Aftershocks from last weekend's attack on eight Indians in the Eastern German town of Mügeln just keep on coming. On Friday in Meseburg, where Chancellor Angela Merkel and her cabinet were camping out to plan for the next two years of governing, Family Minister Ursula von der Leyen -- whose ministry is responsible for combating neo-Nazi extremism -- was criticized for not doing enough to combat right-wing violence. Minister Wolfgang Tiefensee, responsible for programs aimed at rebuilding former East Germany, said she had done a poor job managing programs aimed at curbing extremism.
Not to be outdone, Social Democrat head Kurt Beck likewise accused von der Leyen of not doing everything possible to fight neo-Nazi violence. Beck also called for the far-right National Democratic Party of Germany (NPD) to be banned. "We've had enough of this malignance," Beck said, in reference to the far right. "Let's gather all of our strength so that right-wing extremist ideas don't gain influence in our country."
In Mügeln, meanwhile, police said they are investigating two further suspects, in addition to the two already under arrest. They are suspected of having been part of the mob that, on Sunday, chased eight Indians through town before beating them up. Witnesses say the mob was shouting "Foreigners Out!" and many suspect the attack was racially motivated. Mügeln announced on Friday that it was holding a prayer for peace and against xenophobia on the town square this weekend.
German commentators on Friday once again take a look at the incident, and this time, they are taking aim at politicians in Berlin.
"Dear Politicians," is the headline on a commentary in the Financial Times Deutschland. The author takes exception to German politicians having demanded this week that German citizens show more "civil courage" -- a concept in Germany which carries connotations of jumping in to help stop right-wing violence:
"Should I tell my three children that they have to get in the way when a company-sized lynch mob races through the streets? Do you mean that seriously, my dear politicians? Then let me tell you something: I'm not going to lift a finger When my children ask me what they should do when 50 neo-Nazis beat the tar out of eight Indians, I'll say, "Take your mobile phones and call the police immediately!"
"Yes, my dear politicians, the police. You know them. They are the friendly, uniformed people with the blue light on their cars that always escort you when you're on the way to a banquet in your constituency. And why should one call them? Because they don't just protect politicians from attackers, but they are also there to protect foreigners from right-wing extremists. That's their goddamned duty -- and their job."
"Let me tell you one thing, my dear politicians: When some areas of Germany are no longer safe for foreigners, and when you no longer see the state's duty to protect people from other people as part of your jobs, then I won't accept that. Do you understand? You are responsible for security in this country. That is your goddamned duty -- and your job."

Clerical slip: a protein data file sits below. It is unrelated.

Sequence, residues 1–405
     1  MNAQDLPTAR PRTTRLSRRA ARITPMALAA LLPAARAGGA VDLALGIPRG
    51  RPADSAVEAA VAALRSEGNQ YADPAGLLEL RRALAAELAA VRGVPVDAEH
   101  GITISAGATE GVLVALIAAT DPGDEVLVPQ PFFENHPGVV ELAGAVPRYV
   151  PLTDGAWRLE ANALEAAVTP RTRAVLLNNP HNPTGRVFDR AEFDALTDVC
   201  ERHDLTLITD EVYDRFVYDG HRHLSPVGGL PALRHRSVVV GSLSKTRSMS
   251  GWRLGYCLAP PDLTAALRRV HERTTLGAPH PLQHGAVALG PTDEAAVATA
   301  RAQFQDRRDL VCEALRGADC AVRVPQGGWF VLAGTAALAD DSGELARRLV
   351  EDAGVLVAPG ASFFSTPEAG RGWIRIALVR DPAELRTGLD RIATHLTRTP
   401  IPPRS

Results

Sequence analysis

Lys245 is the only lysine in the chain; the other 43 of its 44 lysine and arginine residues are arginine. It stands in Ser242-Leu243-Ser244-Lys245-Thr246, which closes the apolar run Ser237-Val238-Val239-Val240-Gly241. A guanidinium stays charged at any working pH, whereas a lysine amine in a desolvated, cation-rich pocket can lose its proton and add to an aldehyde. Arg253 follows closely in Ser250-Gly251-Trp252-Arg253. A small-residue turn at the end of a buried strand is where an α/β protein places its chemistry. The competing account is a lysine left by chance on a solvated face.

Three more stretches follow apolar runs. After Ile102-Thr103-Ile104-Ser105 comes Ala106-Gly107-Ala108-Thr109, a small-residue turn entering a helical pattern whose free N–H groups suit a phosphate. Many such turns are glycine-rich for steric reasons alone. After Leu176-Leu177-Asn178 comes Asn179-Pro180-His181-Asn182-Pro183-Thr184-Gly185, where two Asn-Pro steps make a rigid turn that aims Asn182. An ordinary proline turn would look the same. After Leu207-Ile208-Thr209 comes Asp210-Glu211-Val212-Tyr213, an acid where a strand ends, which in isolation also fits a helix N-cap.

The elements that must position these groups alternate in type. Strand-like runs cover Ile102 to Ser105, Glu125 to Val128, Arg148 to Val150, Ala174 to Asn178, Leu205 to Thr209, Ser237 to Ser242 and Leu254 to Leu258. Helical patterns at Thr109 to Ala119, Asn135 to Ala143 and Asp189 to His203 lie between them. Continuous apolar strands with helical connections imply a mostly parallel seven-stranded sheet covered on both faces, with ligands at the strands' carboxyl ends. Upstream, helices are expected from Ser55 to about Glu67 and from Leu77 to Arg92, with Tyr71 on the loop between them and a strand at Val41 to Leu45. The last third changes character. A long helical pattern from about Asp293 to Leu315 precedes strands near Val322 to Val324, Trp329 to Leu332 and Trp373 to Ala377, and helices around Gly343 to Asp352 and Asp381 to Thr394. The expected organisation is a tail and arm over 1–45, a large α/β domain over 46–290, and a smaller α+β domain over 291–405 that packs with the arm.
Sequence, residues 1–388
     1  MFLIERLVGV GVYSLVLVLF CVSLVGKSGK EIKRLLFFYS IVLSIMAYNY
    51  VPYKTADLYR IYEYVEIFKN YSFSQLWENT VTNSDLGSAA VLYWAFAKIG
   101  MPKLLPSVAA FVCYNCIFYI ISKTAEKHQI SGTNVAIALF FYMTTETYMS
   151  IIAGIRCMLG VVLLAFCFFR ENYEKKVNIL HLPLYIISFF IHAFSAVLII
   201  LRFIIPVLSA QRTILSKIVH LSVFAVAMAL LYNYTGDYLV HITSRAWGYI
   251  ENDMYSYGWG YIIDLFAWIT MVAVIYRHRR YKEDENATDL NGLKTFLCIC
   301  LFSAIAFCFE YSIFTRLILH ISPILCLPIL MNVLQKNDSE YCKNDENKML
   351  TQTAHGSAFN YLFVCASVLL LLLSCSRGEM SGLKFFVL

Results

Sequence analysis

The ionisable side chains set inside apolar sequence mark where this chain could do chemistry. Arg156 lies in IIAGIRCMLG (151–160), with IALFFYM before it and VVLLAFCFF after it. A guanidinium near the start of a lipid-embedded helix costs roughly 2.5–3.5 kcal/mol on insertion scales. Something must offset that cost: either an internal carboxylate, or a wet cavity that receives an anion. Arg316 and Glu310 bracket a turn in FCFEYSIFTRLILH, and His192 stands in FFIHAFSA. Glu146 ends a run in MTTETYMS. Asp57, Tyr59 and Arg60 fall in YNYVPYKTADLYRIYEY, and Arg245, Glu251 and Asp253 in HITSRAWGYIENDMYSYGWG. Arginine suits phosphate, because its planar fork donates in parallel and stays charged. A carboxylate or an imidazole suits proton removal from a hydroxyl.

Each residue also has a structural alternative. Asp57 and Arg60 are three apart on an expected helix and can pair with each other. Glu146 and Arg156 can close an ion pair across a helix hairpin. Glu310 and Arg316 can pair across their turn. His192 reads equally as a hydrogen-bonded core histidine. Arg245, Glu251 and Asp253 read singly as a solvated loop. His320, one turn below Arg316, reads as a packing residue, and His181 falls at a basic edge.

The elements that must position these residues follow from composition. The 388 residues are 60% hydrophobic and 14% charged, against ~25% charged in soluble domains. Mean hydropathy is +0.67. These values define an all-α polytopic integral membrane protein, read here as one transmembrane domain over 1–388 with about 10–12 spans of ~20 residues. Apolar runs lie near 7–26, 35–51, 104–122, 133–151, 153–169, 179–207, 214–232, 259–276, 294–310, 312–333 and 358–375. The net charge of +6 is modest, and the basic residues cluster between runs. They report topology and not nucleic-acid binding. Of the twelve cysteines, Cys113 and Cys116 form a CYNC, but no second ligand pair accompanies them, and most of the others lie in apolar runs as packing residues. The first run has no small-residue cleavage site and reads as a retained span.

Guest columnist for Die Welt, former East German athlete Ines Geipel, likewise takes Germany's politicians to task:
"Who or what is the relativism surrounding the Mügeln case supposed to help? Peace in the country? Eastern German feelings? The governing coalition? Wolfgang Tiefensee, responsible for Germany's eastern states, spoke of 'an intolerable excess of violence.' Haven't we known and tolerated for years the fact that violence against foreigners is part of everday life in Eastern Germany? The governor of (Eastern German state) Saxony-Anhalt, Wolfgang Böhmer, called it evidence of a 'prevailing mood which is unfriendly to foreigners.' Why doesn't he just call it xenophobia? Didn't he see the bashed-in faces of the eight Indians?"
Left-leaning daily Die Tageszeitung writes:
"Of course there is xenophobia in Western Germany. But only in the East is it a pervasive part of youth culture. It's only there that members of the neo-Nazi NPD party sit in two state parliaments, and a member of the extremist DVU in another. The chances of becoming a victim of racist violence is much, much greater there than in the West. No-go areas are only to be found in the East. Mügeln is run-of-the-mill Eastern Germany."
"The fight against right-wing extremism in Eastern Germany doesn't need expensive programs; it needs a paradigm shift. A culture of acceptance -- and not of the NPD and its adherents -- must replace the strategy of exclusion. If you want to contain right-wing extremism and violence in the East, you have to understand the precarious lives of those who the NPD successfully mobilizes and take their fears seriously. You have to speak with these people in their language and open up social and democratic opportunities. In the final analysis, that means these people have to be re-integrated into society."
"One will never be able to completely banish right-wing extremism and xenophobia. But if it could be at least stemmed in the East, that would be a small victory. But if politicians limit themselves to ritual indignation and symbolic programs, then the right-wing scene will continue to gain influence and the NPD will continue to gain voters. And Mügeln will not be the last small town in Eastern Germany to hit the headlines due to racist excesses."
-- Charles Hawley, 4:00 p.m. CET